Edie Windsor (right) with her new spouse, Judith Kasen. | DONNA ACETO
BY PAUL SCHINDLER | “I lived with a spectacular woman for 40 years, and now I live with another one. It didn’t occur to me that I would find another person in my life. It didn’t occur to me that I would have another such love in my life.”
That was Edie Windsor last week, talking about something “wonderful” she “never imagined” would happen, as she sat in the living room of the Lower Fifth Avenue apartment she shares with her new spouse, Judith Kasen.
The couple married on September 26 in a City Hall ceremony that caught nearly everyone close to them off guard — at least for its timing. Their friends, Kasen explained, were not at all surprised the women decided to tie the knot — “because they knew it was coming.”
The other spectacular woman, with whom Windsor had earlier spent 40 years, was Thea Spyer. It was Spyer’s marriage to Windsor in Toronto in 2007 and her death two years later that in short order would bring Windsor to the world’s attention — as well as enduring iconic status in the LGBT community.
Windsor and Spyer were 30-something New Yorkers when they began dating in 1965. They got engaged two years later, but as for marriage, at the time they “never thought it would happen,” Windsor said. Then, almost exactly 40 years after their engagement, Canada legalizing same-sex marriage finally enabled the couple to wed.
Less than two years later, Spyer who had long suffered from progressive multiple sclerosis and more recently a heart condition, passed away. It was the federal government’s discriminatory $360,000-plus estate tax levy against longtime marriage equality activist Windsor that thrust her onto a much larger stage as a pioneering and victorious advocate.
With her attorney, Roberta Kaplan, Windsor, in 2010, filed suit against the Defense of Marriage Act. Though she was not the first plaintiff to prevail against DOMA, she did win at both the district court and before the Second Circuit Court of Appeals in 2012. It was the Republican House of Representatives’ appeal of her appellate victory that the Supreme Court chose to hear and it was her challenge that, in June 2013, effectively gutted the 1996 law, finding the ban on federal recognition of legal same-sex marriages unconstitutional.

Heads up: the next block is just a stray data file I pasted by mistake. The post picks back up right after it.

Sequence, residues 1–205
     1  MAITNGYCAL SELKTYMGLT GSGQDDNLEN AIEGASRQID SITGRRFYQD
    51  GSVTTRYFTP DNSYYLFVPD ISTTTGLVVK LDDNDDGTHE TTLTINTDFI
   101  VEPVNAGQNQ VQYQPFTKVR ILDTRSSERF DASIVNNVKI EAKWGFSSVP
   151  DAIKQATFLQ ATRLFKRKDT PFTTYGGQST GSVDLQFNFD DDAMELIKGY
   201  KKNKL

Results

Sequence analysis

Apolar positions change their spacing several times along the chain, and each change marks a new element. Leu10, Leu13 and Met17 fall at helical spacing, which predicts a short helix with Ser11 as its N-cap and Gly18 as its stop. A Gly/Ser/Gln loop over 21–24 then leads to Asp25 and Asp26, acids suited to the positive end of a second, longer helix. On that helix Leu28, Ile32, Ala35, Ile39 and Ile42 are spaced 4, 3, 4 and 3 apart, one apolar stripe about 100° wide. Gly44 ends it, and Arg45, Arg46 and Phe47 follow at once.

Though the high court at that time made clear it was not deciding the underlying question of a constitutional right to marriage by same-sex couples, the ruling was cited over and over again by federal courts in a blizzard of pro-equality rulings that quickly brought the issue back to the Supreme Court for its final resolution in June 2015.
City Clerk Michael McSweeney greets Edie Windsor and Judith Kasen at the Marriage Bureau on September 26. | DANIELLE REDA
When Windsor decided to mount a federal case against DOMA, she was no stranger to activism. In addition to years of working alongside the community’s earliest marriage advocates, she was, by 2010, already the recipient of a Lifetime Achievement Award from SAGE, Services and Advocacy for GLBT Elders, and had long been involved as well with the LGBT Community Center and the Callen-Lorde Community Health Center.
Still, in the wake of her DOMA win — which unleashed a euphoric LGBT response from coast to coast — Windsor’s vigor at the age of 84 in using her new-found fame to advance the community’s agenda was nothing short of astonishing. Whether it was the Center’s annual Women’s Event, a roll-out of a national senior housing initiative by SAGE, a rally for homeless LGBT youth in Union Square, or innumerable other gatherings, she seemed to be everywhere.
“Because of my name, because I am Edie Windsor, I have a certain amount of pull,” she said last week. “And I feel an obligation when somebody asks me to please come speak or even to put my name on their ad — ‘Yes, yes, and I promise I’ll be there.’”
Seeing a vibrant woman in her mid 80s always engaged, always smiling, and — yes — always looking great in photos, it can be hard to imagine the other side of the coin — the loss of Thea at her side.
Recalling the years between Spyer’s death and meeting Kasen — years we all recall as being full of Edie Windsor — she said her life was “very full with the community, but that’s not the same. And when Judith came into my life, I had just admitted to my best friend, ‘You know, I’m really lonely.’”
Judith Kasen kisses Edie Windor's cheek at September 18 AIDS Ride welcoming home party at the LGBT Community Center – barely a week before their wedding at City Hall. | DONNA ACETO
During those same years, Kasen was taking note of Windsor, with even greater avidity than the countless other LGBT fans drawn to her after her high court win.
“My first recollection of Edie Windsor was when she got the SAGE Lifetime Achievement Award in 2010,” said Kasen, a 51-year-old vice president with Wells Fargo Advisors. “My crush started then, way before she became Edie Windsor.”
To be sure, Kasen flirted, but her recounting of that suggests she employed a light touch, perhaps conscious of not embarrassing either Windsor or herself.
“One of these days, Edie Windsor, you are going to go out with me,” Kasen said at one event last year, to which Windsor replied, “Stop teasing me.”
Asked last week whether she really thought she was being put on, Windsor, without skipping a beat, replied, “Yeah, of course!”
But Kasen was serious and kept at it, even at the cost of a bit of sting.
“It was the Center Women’s Dinner,” she recalled of an event last November, “and I saw her at the cocktail hour, and as then as they were walking out — this is a rough story for me — as they were walking out, whoever it was walking her out, I said to Edie, you know, ‘Go out with me, Edie Windsor,’ and whoever was walking her out turned to me and added, ‘You know, you’re not her type,’ and I was like, ‘Ouch!’”